Thirteen people pleaded guilty to taking part in distributed-denial-of-service (DDoS) attacks on eBay’s Paypal organised by the Anonymous hacktivist group in support of Wikileaks.
The defendants admitted taking part in Operation Payback in December 2010 that targeted payment firms such as Paypal, Mastercard and Visa after they stopped processing donations to Wikileaks.
At least four UK youths were arrested on charges relating to the attacks on Paypal.
By pleading guilty, the defendants face relatively minor misdemeanour charges, as long as they stay out of trouble, according to the BBC.
Lawyers for the defendants argued they were taking part in protests that should be protected by the US Constitution, which guarantees free speech.
But, the US Department of Justice accused them of intentionally damaging a protected computer.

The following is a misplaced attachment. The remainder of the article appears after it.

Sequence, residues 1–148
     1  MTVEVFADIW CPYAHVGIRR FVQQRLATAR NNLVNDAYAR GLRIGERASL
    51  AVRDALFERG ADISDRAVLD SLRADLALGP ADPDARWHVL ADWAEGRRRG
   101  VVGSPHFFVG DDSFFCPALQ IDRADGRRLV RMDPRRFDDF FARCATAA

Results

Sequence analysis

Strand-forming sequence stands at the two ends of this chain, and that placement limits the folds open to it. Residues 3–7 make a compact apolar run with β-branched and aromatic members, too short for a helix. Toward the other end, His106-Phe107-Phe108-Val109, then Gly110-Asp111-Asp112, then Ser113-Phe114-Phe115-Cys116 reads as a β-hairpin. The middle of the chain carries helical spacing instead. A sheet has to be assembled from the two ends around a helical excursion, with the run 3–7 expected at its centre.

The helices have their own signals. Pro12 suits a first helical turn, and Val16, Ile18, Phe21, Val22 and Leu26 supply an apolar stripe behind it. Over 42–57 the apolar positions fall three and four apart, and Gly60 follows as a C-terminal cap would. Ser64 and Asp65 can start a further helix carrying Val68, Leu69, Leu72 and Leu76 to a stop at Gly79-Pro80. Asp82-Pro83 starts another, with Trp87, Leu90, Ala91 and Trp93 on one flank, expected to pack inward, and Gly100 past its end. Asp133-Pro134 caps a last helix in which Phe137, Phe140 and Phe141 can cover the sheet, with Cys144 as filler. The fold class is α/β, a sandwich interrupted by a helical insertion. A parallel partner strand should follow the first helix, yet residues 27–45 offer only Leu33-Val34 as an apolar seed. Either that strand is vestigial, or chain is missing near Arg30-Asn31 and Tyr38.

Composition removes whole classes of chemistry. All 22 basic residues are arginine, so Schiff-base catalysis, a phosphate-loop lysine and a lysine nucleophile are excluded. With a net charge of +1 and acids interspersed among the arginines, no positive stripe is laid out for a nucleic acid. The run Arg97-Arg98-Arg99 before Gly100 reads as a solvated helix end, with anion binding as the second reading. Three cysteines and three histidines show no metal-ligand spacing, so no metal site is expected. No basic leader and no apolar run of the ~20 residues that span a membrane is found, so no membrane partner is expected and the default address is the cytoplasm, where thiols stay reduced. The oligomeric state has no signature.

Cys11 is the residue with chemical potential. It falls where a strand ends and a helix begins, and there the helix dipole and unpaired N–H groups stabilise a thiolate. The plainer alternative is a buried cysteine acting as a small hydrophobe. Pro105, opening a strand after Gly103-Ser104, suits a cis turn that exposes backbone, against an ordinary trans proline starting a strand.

The DDoS attacks – made using a free tool downloaded from the internet called Low Orbit Ion Canon (LOIC) – were reported to have cost Paypal around £3.5m.
More than 100 workers from Paypal’s parent company, eBay, spent three weeks working on issues related to the attacks.
PayPal also had to pay for more software and hardware to defend against similar attacks in the future.
Anonymous’s Operation Payback originally targeted companies involved in the music industry and opponents of internet piracy. But the hacker collective broadened the campaign to include attacks in revenge for Wikileaks, following a backlash in the wake of the site publishing thousands of US diplomatic cables.
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